5 Takeaways from Industry Experts on “The Internet of Things”
This week Clay AIR collaborated with The Future Party to curate a Clubhouse talk on “The Internet of Things”- a network of connected devices and people, all of which collect and share data about the way they are used and the environment around them.
Experts were invited from the fields of 5G, Edge Computing, Consumer and Enterprise Augmented Reality, Entertainment, Marketing, XR, Education, and Cyber Security.
Here are 5 takeaways from the conversation. If you’d like to participate or listen in to our next Clubhouse talk, we’d love to hear from you.
(1) Form Factors of the Spatial Web: What will it Look Like?
The spatial web is Web 3.0, a computing environment that overlays digital content on the real world. This is what we call Augmented Reality. Today we experience AR primarily through mobile devices and tablets, but this is about to change.
WebAR, app-free AR that is easily accessible through a URL, is democratizing the medium for consumer use. With the onset of 5G, we’ll start to move away from screens to lightweight everyday AR glasses. This new hardware will connect users to the IoT, with increasingly AI driven and autonomous processes.
Enterprise focused AR devices such as the Microsoft HoloLens and Lenovo ThinkReality A6 are beginning to reach maturity, while consumer AR glasses have yet to make an impact at scale.
In the future, IoT will offer contextual information and entertainment based on geographic location, and biometrics.
(2) 5G and Edge Computing
5G and edge computing will drive high speed internet and local data transmission, building a foundation for the IoT.
In cases such as health, safety, and transportation, seconds of latency can be fatal. 5G and edge computing will realize hyper-connected systems that can save lives, automate repetitive labor and menial tasks such as driving, and bring our cities into a new era of smart design.
(3) Autonomous Ecosystems
Cars with smart systems were the core focus of conversation. IoT will power smart autonomous vehicles, provide passengers with bespoke and contextualised entertainment, information and experiences.
Autonomous vehicles will at first appear in designated city pockets with controlled environments. Traffic lights will no longer be needed as traffic control systems and optimization are automatically processed through autocars.
The first steps towards the future of transportation will be simplified multimodal user interfaces with voice and gesture controls for smart displays such as swiping, pinching to zoom in on a map, and controlling the vehicle from outside with voice and gestures, as a few examples.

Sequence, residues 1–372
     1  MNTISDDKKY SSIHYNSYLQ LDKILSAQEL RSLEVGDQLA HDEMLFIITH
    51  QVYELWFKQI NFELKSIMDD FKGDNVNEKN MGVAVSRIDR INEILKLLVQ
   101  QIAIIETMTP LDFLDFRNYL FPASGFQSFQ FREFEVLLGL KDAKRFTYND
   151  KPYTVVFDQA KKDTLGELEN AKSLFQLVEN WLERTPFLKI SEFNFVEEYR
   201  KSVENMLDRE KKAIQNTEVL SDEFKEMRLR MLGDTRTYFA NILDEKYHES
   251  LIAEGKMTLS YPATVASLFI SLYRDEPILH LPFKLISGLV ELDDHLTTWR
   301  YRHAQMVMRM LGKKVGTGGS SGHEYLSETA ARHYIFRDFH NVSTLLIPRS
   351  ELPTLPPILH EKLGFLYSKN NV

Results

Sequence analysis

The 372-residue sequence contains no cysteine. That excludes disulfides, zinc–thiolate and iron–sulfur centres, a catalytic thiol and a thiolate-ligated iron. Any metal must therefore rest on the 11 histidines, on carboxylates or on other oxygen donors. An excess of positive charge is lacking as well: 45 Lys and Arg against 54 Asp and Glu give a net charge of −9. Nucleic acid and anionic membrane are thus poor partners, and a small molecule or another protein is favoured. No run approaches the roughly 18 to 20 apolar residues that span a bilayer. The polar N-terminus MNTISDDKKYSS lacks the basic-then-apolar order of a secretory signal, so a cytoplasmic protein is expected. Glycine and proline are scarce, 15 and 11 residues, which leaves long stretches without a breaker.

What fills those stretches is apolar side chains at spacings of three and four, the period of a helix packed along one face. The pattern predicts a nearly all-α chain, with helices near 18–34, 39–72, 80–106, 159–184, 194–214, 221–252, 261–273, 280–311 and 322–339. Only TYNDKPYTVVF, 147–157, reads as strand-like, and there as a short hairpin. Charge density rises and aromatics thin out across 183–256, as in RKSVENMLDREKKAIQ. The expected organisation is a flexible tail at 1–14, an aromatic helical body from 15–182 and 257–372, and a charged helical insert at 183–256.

Driver monitoring systems will also track the eyes and face of a passenger to provide safety alerts, and adjust the comfort settings of a vehicle based on each person’s physical characteristics and personal preferences.
(4) Navigating the World
IoT means we are moving towards a Zero-UI (zero user-interface) where micro interactions through hand gestures and voice will become a key part of product design.
We will start to look at our device’s displays less, and interact more through voice and gesture controls. Screens and personal devices will become less distracting and easier to use with far more intuitive interfaces
Multimodal interactivity will be a primary solution to allow for a diverse user base, prioritizing inclusive design for persons with physical and auditory disabilities.
(5) Data and Privacy: Building User Trust
As consumers are increasingly aware of privacy issues and data security, companies need to actively develop user trust through transparency, policy and leadership.
IoT calls for far greater security than we have today. We are at a critical point where the balance is in flux, with apps designed first to increase usage, and second, for security.
The ultimate goal is to improve the lives of everyday people through IoT with smart devices. It means our primary challenge today is to deliver on this promise to develop, implement and enforce privacy and security protocols that will put users first.
Data not only plays a role in security but also in diversity and ethics. Using diverse data inputs for machine learning algorithms will ensure a fair and unbiased future where technology is equally accessible to all.
Thanks to the Future Party team, Paul Yurich and Gregg Katano (HoloGate), Pam Allison (Verizon), Sturgis Adam (Seek), Jake Sally (Jadu AR), Terry Schussler (Deutsche Telekom), Pat Johnson (Rock Paper Reality), Lauren Xandra (National Research Group), Julie Smithson (MetaVRse), Shiva Mohseni (T Systems) for this rich conversation!